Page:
24 January 2012

Spring cleaning

Yesterday I noticed that primroses have already started to bloom out in the yard. Wild cyclamens started blooming a month ago. And one big flowering bush in our neighbors' yard is already covered with red flowers. There's still no mention of freezing weather in the long-range forecasts.

As long as the weather feels like early spring rather than mid-winter, we though we might as well start our spring cleaning chores. Now that we have the upstairs loft finished and we spend a lot of time up there, we have a lot more vacuuming and dusting to do — or that we ought to do — than when our living space was smaller.

Here's the kitchen on a normal day.

That means other rooms risk getting short shrift. The kitchen, for example, which we occupy for many hours each day. The tile floor gets its share of spills, drips, and splashes. It gets a little wipe with an old sponge as needed, but periodically it also needs a thorough cleaning — it's what's called faire le grand ménage in French. We also pull out the fridge and sometimes the stove and dishwasher to clean under and behind them.

Out go the butcher's table and bar stools, and
in come the vacuum cleaner and the mop.

The kitchen probably looks quaint. It's not large. The only major change we've made since we moved in is a new coat of paint. The cabinets and sink were already here. That was important, because many of the houses we looked at back in 2002 had no kitchen fixtures in them at all — the room called la cuisine was a completely empty space with only a water pipe sticking up out of the floor in one corner.

Other houses had kitchen fixtures that really needed to be ripped out and replaced. With this kitchen, we just added appliances and the butcher's table and started cooking when we arrived in June 2003.


  1. The color choice is very nice. It must feel very cheerful in the morning.

    It is a very peculiar thing here in Europe. No kitchens when one buys a house.
    Our front runner choice for a house, has a nice 16ft by 17ft room which is marked "kitchen" on the Croquis, but nothing in it.
    Except a toilet. Yes, a toilet.

  2. I know what you mean. I'm really noticing the difference in housekeeping now many rooms are finished and we are really using all the house. I no longer have the excuse that we'll be producing a huge pile of dust tomorrow so why bother cleaning today. Mind you, it's nice being able to clean a room and not see a new coating of dust descend within hours.

  3. I love the red and white tile floor.

  4. The thing about the kitchens: until recently, kitchen cabinets and appliances were considered "meuble" as opposed to "immeuble". They were not built in and therefore just part of the furniture that you brought with you and took out when you left. Normally, however, the sinks, W.C., and baths, being attached (scellé) were part of the building. So, you robbers could take everything but the kitchen sink.
    Now, we have built-in kitchens. Still, one of the first reflexes of a home-buyer is to take out the old and put in new.
    This is on my mind because we are about to redo our kitchen. We installed the one we have back in '85, when we moved in and I've wanted to change a bit for the past 10 years, at least. But then, there has been the thought of selling the house and moving into a smaller place and you think you don't want to put in a lot of work and money... Luckily for me, we had severe water damage in the fall and the whole ground floor needs repainting, so we're going to redo the kitchen cabinets and counter, as well.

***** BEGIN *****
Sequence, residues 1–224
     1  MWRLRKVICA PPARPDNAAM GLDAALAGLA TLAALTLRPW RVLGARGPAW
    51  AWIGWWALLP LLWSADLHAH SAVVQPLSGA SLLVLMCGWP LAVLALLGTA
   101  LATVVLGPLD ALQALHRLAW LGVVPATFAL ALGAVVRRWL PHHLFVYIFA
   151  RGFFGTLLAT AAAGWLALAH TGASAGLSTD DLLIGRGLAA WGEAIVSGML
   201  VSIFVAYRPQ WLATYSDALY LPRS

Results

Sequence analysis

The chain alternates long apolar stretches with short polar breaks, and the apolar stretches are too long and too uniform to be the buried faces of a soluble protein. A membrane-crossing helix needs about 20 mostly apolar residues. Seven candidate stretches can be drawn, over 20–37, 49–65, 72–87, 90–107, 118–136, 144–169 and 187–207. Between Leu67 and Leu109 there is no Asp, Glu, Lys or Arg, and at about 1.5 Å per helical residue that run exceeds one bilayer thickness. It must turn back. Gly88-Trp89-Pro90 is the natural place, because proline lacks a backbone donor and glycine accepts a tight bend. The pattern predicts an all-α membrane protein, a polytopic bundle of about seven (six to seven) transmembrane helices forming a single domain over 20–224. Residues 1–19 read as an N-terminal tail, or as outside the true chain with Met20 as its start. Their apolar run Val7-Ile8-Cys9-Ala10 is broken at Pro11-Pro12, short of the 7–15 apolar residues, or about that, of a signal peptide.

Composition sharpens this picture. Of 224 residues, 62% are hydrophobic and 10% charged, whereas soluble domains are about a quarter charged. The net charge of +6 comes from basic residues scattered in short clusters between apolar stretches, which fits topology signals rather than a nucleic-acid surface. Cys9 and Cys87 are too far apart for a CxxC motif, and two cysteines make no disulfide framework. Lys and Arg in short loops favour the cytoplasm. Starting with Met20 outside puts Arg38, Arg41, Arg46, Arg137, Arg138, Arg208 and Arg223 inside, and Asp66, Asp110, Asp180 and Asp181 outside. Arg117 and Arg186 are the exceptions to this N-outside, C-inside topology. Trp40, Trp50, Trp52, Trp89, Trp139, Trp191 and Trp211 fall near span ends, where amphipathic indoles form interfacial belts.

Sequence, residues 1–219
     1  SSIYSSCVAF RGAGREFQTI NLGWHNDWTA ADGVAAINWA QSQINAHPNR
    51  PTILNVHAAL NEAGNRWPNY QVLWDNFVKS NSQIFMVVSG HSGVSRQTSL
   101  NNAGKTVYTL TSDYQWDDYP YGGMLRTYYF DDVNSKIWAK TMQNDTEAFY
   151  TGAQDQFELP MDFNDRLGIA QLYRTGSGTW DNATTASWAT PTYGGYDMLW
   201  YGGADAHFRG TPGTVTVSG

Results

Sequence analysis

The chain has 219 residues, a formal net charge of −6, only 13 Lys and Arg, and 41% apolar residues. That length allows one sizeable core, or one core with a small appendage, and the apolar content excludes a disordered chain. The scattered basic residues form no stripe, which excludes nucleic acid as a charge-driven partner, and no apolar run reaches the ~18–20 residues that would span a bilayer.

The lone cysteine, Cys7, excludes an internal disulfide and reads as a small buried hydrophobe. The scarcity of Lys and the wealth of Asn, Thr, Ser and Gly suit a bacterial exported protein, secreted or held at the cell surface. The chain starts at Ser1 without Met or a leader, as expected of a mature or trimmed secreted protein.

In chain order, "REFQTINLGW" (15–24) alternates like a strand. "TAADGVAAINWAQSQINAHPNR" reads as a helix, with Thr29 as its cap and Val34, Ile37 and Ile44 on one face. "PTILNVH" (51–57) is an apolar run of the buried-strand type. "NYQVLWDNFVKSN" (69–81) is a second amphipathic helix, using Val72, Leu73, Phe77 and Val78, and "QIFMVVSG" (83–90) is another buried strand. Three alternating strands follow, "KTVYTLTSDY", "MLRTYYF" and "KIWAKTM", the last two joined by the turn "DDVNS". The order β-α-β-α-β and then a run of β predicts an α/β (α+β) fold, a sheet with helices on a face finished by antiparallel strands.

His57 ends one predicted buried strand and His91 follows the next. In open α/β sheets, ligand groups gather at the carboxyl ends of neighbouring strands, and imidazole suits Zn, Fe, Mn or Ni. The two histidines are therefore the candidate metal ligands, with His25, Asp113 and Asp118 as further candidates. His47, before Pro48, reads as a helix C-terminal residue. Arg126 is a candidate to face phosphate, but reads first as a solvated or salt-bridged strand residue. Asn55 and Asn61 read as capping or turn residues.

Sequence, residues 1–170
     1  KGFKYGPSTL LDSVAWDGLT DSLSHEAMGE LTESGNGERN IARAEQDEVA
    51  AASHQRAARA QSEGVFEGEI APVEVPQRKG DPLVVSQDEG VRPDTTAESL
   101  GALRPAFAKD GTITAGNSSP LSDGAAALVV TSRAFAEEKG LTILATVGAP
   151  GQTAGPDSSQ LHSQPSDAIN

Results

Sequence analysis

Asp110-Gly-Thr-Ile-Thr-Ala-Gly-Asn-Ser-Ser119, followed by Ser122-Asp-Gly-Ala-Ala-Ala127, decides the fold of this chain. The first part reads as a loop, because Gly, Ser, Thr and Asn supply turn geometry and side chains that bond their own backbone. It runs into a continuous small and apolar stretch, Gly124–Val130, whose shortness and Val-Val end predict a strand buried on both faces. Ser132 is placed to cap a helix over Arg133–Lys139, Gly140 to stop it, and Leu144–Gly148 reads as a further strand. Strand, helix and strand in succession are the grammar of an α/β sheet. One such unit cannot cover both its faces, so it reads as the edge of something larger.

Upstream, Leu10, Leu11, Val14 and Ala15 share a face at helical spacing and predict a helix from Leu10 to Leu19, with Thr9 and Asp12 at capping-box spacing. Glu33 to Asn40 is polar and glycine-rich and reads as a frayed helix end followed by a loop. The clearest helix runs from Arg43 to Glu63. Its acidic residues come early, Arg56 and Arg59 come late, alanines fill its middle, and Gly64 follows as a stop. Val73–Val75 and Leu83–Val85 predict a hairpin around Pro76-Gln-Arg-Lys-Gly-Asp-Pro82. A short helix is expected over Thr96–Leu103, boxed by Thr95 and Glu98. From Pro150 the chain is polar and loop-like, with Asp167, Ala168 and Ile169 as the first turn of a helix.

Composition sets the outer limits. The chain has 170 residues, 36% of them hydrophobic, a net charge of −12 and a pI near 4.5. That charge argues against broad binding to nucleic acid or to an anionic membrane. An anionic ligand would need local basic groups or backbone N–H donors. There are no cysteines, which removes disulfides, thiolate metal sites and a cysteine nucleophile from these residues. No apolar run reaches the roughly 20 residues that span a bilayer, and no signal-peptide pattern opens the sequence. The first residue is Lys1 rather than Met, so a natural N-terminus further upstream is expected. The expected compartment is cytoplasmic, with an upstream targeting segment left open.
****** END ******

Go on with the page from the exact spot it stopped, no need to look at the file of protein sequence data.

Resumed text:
5. That is a simple kitchen Ken - just the way I like it. You produce a fair amount of food in that small space. What this shows is that you don't need to spend thousands of euros on a shiny new kitchen, just so that you can show your friends how well you've done! Far better off spending your cash on food and wine.

  6. I love that red and white floor with the shiny white tiles and the bright yellow walls. It is very cheery :)

  7. you are much neater than I am.....i think I've pulled out the fridge to clean behind it maybe twice....and I dont see why people need humongous kitchens to cook in ....because then you have to walk many more steps between the fridge & sink/stove, etc.....there are many huge, granite filled kitchens out there that belong to non-cooks......I am perfectly happy in a smaller area myself

  8. That kitchen is perfect. You can tell because of the wonderful stuff that comes out of it!

  9. I've always loved your kitchen, especially that little towel rack on the butcher block which is handy.

    You make me want to do some cleaning- our daffodils are blooming and the cherry trees were blooming in San Diego last week.

  10. The kitchen looks so much brighter in the second picture.

  11. What a lovely kitchen. I can almost sense the smells from the oven. Your weather is strange; here in Australia also. Today 41 degrees where I am in Perth, Western Australia, and floods in the major city centers of Queensland. How lucky are you to have primroses! Everything here is wilting...

  12. Starman, in the second picture the roll-down shutter on the kitchen window was open; on the other, it was closed.

    Ellen, I know what you mean about removable items. We were lucky to have door knobs and even some light fixtures in the house when we bought it.

    Meredith, I really like that kitchen floor too. And tile floors in general. Easy to clean, I think.

    Everybody, thanks for the comments.

    My sitemeter counter went up above 400K yesterday or the day before. That's 400K "hits" in six years.

  13. As always, you've provided a very timely information for homeowners. Good job!


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